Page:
TOKYO (Reuters) – At every Olympics, away from the hordes of cheering spectators and the athletes competing for medals, pin enthusiasts lay out dozens of badges on corkboards or soft cloth in hopes of making a trade.
The tradition of trading in the metal keepsakes that represent various sports, cities or competing countries has been around since the early 20th century when athletes and sports officials first swapped their lapel pins as a sign of friendship.
But with overseas spectators banned and delegations asked to stay in a safe coronavirus “bubble”, Tokyo 2020 will be different.
“It’s painful,” not being able to hold trading sessions, said Yoshiyuki Terajima, a 51-year-old pin enthusiast based in Tokyo. Much of the trading, done through face-to-face negotiations and close contact, had to be suspended because of the COVID-19 pandemic.
The pins, about the size of a coin, are these days mostly produced by media and sponsors and given to their staff. The rarest can fetch hundreds of dollars on auction websites.
Terajima said he spends up to 150,000 yen ($1,360) every month on pins and owns about 40,000 of them.
“Among Olympic pin badges, for a long time I wanted pins with designs from the time of the Nagano Olympics, like a snowman pin or those from TV Tokyo and (broadcaster) TBS. I got them about five years ago and I remember feeling extremely happy.”
In Japan, trading the pins was a rare hobby until the winter Games which took place in the mountain city in 1998.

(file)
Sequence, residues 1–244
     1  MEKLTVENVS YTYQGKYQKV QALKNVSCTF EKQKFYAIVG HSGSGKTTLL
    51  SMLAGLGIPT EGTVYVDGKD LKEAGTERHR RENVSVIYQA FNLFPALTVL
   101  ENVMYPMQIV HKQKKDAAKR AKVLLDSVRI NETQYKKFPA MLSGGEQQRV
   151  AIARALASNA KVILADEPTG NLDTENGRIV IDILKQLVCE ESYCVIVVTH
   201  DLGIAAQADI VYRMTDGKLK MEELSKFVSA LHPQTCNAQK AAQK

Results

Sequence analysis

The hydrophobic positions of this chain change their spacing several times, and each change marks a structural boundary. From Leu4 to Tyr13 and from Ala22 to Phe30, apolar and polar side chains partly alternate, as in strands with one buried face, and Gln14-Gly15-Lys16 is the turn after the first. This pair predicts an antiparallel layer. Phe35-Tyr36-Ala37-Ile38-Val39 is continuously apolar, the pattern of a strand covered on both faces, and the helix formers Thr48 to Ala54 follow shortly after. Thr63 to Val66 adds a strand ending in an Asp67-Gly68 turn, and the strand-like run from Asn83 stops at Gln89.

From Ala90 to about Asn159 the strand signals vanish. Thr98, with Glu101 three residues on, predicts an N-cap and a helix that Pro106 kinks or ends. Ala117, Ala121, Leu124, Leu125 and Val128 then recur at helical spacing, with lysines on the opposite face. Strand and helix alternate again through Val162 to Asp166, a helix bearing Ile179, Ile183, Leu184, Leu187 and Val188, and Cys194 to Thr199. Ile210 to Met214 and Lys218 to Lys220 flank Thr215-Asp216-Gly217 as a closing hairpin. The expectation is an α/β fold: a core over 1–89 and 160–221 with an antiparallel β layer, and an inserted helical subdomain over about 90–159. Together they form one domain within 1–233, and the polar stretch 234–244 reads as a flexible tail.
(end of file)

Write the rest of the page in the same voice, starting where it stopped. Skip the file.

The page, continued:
Masamichi Tamai, a 68-year-old pin collector from Nagano, remembers locals trying to get their hands on a TV Asahi pin with robot cat character after many saw Japanese skier Tae Satoya wearing one during a television interview.
“I remember there was a moment when those pins were being traded at 250,000 yen ($2,270),” he said.
Tamai was exhilarated when Tokyo won the bid to host the Olympics, but now says that he doesn’t quite know how he is supposed to enjoy the pandemic Games.
“It’s a real shame that we won’t be able to connect with people from other cultures through pin trading,” said Tamai, who has tickets to see the Games and is hoping to watch them in person.
Organisers are set to decide on whether to allow domestic spectators into the venues in the coming days.
“I can’t help but hope for a stroke of luck,” he said.
($1 = 110.1000 yen)
(Reporting by Sakura Murakami; Editing by Lincoln Feast.)